Asta Skujytė-Razmienė: Folklore and Gaming Industry: The Case of Video Game the Witcher

Denise McKeown: Dog Cloning Discourses: What Are My Ethical and Academic Responsibilities for Incorporating the Valuable Views in Online Comments?

Ginta Pērle-Sīle: Stereotypes in First Latvian Folksong Collections

19:00 - 22:00

Opening evening. Kaņepe Cultural Centre.

September 20

10:30 - 12:00

Keynote lecture: Dr. Valdimar Tr. Hafstein: Copyrighting Tradition: Creative Agency from a Folklorist's Perspective

12:00 - 12:45


12:45 - 14:45

4th session: Ethics in the Archives

Tiger Juntao Du: From Postcolonial Discourse to Lack of Conscience: The Struggle in Historical Archives Research of The 12-3 Incident in Macau

Viliina Silvonen: Ethics and Archives: Multilevel Immanent Perspectives of Research Ethics

Alena Leshkevich: Informed Consent on Inscribing Elements in Belarusian National Inventory of the Intangible Cultural Heritage

Tuukka Karlsson: Objectivity in the Study of Kalevala-meter Archive Material

14:45 - 15:00

Coffee break

15:00 - 17:00

5th session: Fieldwork Ethics

Kristina Eiviler: Talking about Demonology: Ethical Issues in Field Research

Anastasiya Fiadotava: Is Family Humour a Sensitive Issue? Reflections on Doing Fieldwork on Humorous Family Folklore

Yimshen Naro Jamir: Contestations of the Field: Difficulties in Ethical Research of Folk Memories

Katalin Pajor: Ethic Issues by Collecting Life Stories About National / Ethnic Identity in Mixed-Ethnic Families

18:00 - 21:00

Movie night. Cinema Kino Bize

Valdis Muktupāvels "Latvian Folklore: Songs of Calendric Customs" (Director Andris Slapiņš, 1983, 20 min)

Aigars Lielbārdis "Vera and Jānis" (2006, 30 min)

Valdimar Tr. Hafstein "The Flight of the Condor: A Letter, a Song, and the Story of Intangible Cultural Heritage" (2018, 30 min)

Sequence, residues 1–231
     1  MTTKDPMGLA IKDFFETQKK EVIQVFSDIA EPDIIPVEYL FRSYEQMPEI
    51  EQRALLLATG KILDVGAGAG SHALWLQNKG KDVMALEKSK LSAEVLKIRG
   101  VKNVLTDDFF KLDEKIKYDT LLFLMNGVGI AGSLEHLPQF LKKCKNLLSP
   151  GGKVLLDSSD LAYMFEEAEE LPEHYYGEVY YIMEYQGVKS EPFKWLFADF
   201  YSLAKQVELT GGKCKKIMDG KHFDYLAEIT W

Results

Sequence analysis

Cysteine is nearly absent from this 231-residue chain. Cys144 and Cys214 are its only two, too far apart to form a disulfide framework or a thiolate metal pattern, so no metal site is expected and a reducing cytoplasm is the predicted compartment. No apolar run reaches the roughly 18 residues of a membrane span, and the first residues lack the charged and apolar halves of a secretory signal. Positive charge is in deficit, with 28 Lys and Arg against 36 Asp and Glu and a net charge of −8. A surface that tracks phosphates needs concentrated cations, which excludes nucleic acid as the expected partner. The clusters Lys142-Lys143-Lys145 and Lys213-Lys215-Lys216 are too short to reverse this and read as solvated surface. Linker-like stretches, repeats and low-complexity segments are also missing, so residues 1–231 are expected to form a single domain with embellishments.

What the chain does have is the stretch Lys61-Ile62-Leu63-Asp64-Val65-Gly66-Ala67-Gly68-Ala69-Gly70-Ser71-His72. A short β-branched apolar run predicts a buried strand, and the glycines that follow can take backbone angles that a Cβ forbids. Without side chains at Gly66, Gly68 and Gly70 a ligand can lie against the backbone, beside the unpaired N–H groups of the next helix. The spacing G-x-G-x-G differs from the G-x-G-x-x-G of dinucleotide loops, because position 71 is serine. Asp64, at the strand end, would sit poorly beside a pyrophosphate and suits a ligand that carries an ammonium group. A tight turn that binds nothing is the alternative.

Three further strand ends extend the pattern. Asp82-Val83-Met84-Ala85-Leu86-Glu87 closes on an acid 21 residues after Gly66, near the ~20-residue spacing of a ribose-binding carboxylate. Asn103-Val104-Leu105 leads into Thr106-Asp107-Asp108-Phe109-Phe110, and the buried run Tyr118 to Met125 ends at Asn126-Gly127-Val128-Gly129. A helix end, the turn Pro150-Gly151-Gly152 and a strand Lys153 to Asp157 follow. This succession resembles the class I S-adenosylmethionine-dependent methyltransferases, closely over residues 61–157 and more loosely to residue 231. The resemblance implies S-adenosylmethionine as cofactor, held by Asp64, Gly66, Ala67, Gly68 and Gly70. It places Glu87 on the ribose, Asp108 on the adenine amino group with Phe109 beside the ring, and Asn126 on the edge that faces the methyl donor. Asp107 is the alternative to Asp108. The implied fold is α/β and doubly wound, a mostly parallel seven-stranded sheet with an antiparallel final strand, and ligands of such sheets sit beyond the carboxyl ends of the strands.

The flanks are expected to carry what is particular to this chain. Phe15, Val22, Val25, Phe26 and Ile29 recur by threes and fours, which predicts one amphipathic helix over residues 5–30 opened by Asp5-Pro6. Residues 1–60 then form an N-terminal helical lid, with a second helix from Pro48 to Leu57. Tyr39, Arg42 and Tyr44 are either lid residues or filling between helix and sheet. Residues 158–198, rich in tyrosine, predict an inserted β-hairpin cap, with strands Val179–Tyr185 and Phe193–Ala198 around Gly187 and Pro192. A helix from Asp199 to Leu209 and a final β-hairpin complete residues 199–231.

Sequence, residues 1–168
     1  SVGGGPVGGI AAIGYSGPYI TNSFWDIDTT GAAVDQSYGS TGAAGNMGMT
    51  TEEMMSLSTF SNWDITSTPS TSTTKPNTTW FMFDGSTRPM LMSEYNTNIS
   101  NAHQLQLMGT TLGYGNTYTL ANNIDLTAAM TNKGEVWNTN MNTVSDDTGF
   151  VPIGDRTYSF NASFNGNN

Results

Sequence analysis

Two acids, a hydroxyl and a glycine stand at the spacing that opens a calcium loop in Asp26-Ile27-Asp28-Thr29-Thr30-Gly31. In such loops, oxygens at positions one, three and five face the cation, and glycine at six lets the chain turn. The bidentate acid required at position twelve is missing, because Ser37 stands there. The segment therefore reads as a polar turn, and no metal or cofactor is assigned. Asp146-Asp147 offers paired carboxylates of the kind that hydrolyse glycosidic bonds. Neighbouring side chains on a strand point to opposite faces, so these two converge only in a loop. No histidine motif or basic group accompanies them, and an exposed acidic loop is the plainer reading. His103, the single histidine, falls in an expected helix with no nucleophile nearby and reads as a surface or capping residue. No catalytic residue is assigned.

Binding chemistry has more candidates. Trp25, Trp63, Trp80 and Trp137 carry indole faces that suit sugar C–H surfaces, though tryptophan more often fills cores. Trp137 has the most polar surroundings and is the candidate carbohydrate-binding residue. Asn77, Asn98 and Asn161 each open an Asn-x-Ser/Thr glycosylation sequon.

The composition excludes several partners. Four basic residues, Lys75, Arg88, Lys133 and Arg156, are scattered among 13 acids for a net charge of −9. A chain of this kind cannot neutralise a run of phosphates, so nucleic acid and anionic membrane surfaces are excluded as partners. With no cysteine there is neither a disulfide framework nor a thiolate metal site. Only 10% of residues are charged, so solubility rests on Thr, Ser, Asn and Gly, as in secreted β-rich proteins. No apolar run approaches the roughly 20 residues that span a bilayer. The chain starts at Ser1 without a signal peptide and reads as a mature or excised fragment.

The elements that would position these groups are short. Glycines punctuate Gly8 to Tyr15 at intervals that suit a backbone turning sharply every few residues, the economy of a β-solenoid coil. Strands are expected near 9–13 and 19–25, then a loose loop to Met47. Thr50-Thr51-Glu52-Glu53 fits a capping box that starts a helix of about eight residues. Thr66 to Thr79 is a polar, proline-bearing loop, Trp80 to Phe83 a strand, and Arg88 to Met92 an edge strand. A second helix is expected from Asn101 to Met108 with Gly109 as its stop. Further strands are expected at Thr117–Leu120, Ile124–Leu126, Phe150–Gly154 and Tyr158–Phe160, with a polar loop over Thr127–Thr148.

September 21

9:30 - 11:00

Keynote lecture: Dr. Anita Vaivade: Sensitivities and Consents in Researching Intangible Cultural Heritage

11:00 - 11:15

Coffee break

11:15 - 13:15

6th session: Ethical Questions of Cultural Heritage

Tatsiana Marmysh: Ethical Challenges of Intangible Heritage Safeguarding in Belarus

Vikram G. Chaudhari: Tribal Intangible Cultural Heritage Value and Preservation in India

Haripriya Sarma: The Problems of Defining, Preserving and Communicating the Intangible Cultural Heritage of the Rabha People of Assam

Kikee D Bhutia: Possession Narratives and the Role of Ritual Healers in the Everyday Life in North Sikkim

13:15 - 14:00


14:00 - 16:00

7th session: Ethnography Within the Society

Michele Tita: What is real? Desaparecidos, ethical issues and confusion about folklore research in Argentina

Elena Malaia: Ethics of Anthropological Research in Places with Unsettled Status (Based on the Materials of Crimea)

Sunita Acharya: Gender Stereotypes in Folktales and Its Impact on Society

Digne Ūdre: Hidden Ethnography: Alcohol and Fieldwork

16:00 - 16:15

Closing remarks

Keynote Speakers

Anita Vaivade

Anita VaivadeBIO